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Monday Musings: Baggage and Lightening the Load

I am still working so hard on forgiving and forgetting.  I find myself carrying around hurt feelings from things I will probably never be able to change.  I find myself judging instead of just loving.  I want to release those things so that I can achieve the lightest heart for the most joyous journey with our family.

Two things happened this weekend that I am hoping to remember so that I can let go, lighten the load, and grow into living free from the extra emotional baggage.  Let’s just say Saturday and Sunday were very eye-opening days.

Have you ever heard the saying that goes something like, “Be kind to others, for you do not know what kind of load they are carrying”?

I just found out that someone who I often poke fun at in private conversations with my husband is a survivor of abuse.  I could not have felt more unkind or undeserving in that moment of realization, and by taking a look through a clearer lens, I can see how well this person is doing, and be even more in awe of the difference they are making in the world.  I will now just let those idiosyncrasies I used to poke fun at alone, and not comment on them anymore.

It also helped me to remember that people in my own family are abuse survivors.  While I do not need to enable their behavior, I also need to stop taking it personally.  I can do my part by being more thick skinned, remember why sensitivities are there, and love them instead of judge them.  I cannot  imagine the things that they may be carrying, so better to make their journey easier than add additional roadblocks to a healthier path for them.  Realistically, anything I hold onto only hurts me in the long run.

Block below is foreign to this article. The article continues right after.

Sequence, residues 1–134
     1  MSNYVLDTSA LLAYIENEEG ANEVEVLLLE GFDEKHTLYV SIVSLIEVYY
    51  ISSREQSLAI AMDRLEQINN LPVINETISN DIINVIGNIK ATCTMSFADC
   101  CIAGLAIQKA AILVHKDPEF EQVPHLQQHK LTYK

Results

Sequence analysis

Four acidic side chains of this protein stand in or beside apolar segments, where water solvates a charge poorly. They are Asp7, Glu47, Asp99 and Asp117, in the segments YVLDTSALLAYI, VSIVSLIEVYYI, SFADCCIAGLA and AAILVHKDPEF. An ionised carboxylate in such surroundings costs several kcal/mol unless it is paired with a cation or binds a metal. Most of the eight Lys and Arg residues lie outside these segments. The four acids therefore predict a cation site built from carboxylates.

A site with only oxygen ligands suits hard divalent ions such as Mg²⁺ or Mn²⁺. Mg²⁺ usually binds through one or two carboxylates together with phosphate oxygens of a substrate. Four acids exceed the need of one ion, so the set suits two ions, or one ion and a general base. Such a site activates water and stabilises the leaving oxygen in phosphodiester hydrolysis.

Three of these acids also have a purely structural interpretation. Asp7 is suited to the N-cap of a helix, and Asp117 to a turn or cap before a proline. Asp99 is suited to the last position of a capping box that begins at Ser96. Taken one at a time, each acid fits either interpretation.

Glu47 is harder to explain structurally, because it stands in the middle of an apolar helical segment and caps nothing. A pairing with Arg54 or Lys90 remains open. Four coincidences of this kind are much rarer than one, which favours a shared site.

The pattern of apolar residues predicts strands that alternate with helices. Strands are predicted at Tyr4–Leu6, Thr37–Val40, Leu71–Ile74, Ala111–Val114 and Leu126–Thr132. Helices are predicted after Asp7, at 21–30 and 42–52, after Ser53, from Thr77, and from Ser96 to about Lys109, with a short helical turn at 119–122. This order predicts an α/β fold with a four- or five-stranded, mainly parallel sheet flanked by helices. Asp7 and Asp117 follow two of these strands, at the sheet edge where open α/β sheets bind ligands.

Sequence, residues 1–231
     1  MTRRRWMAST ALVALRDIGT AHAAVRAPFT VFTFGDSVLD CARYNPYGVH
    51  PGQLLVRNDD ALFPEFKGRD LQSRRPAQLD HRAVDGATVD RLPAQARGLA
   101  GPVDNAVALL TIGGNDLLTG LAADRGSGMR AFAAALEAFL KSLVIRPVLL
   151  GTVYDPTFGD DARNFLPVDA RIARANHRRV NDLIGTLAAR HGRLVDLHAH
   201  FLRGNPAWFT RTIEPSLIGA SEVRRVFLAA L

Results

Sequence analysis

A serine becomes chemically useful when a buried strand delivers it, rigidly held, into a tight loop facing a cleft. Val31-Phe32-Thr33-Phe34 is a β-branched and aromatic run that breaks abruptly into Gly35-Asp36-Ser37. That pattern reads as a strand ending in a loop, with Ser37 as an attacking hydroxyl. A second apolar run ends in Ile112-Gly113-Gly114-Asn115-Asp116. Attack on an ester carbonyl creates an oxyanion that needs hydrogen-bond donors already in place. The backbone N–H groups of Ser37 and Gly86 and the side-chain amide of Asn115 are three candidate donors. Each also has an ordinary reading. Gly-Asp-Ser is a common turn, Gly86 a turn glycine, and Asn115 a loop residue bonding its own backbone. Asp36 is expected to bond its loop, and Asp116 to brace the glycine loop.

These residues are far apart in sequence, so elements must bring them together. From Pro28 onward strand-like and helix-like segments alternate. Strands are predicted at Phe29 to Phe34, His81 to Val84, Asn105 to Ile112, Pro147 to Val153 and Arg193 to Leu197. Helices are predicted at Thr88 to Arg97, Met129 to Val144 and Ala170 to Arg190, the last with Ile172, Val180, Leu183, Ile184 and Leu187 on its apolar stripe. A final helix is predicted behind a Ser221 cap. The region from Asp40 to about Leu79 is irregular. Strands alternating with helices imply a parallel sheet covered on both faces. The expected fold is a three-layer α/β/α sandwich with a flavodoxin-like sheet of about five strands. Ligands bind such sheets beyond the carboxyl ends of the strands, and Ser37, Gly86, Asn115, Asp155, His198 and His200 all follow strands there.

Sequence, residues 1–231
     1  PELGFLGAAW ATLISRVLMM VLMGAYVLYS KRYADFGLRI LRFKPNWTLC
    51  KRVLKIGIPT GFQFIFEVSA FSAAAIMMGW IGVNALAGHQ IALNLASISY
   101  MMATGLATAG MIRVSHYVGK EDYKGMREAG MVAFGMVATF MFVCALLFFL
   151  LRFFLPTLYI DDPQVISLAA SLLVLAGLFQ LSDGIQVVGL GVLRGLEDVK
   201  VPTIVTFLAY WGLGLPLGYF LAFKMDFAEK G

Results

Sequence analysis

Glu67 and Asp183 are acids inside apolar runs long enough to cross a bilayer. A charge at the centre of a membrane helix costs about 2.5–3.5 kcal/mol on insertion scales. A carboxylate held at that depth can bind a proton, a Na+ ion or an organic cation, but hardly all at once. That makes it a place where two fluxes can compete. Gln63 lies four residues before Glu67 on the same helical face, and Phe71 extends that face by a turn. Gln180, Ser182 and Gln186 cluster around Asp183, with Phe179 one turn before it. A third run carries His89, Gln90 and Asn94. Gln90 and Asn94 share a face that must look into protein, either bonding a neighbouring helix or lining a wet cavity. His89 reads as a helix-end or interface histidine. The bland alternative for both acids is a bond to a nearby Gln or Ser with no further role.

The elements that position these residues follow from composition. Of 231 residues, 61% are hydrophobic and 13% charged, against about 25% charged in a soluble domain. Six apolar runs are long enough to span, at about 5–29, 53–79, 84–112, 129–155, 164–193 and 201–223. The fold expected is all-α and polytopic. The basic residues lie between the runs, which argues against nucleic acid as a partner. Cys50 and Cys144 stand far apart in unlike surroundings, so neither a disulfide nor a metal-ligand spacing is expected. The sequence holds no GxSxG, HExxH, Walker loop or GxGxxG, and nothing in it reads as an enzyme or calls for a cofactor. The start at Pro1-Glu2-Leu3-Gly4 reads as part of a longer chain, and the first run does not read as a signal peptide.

Something we heard in our Sunday sermon yesterday also convicted me…it’s a quote from G.K. Chesterton, a British writer and lay theologian:
“The Christian ideal has not been tried and found wanting; it has been found difficult and left untried.”

We live in a day and age when our children see excess.  It’s all about me-me-me and having more, and a  “click for likes” mentality.  It reminded me of another intention I had this year of wanting to do more serving.  No one forgave more, or overlooked more, or loved more than the example we were given of a man named Jesus.  He came to love and to serve.  His message was love me and love one another.  If His followers live that mantra, would we really engage in endless wars of all kinds?

There are so many ways that I could be more Christ-like: minister to others, give more, love more, and serve more.  He ate with the sinners and the rejects of society, and taught indiscriminately – he didn’t save his message for his own people – it was a message of love and redemption for the world.  I definitely need to get more uncomfortable and be outside of my comfort zone in order to really and truly Live Love.

How much easier it would be to forgive and forget like I want to, if I just remembered to love and to serve others.  I need to explore more about the difference between enabling and loving, however, I feel like that is a good starting point.  I want to arrive at the waypoint in life where I stop worrying about what others think and do, whether it influences my life or theirs.  Instead, turn the focus inwards: what I am thinking and doing to make this a more joyous journey for people in our community, my family and the people in our circle of influence.  If I concern myself with doing more and doing better I suspect there will be no time to fret over inconsequential things.  There will be nothing to forgive and forget because the gaze is constantly moving forward, and that is where I want to be – growing.

So, good-bye, proverbial baggage.  I am checking you at the curbside.  I am getting on the next train and moving forward without you.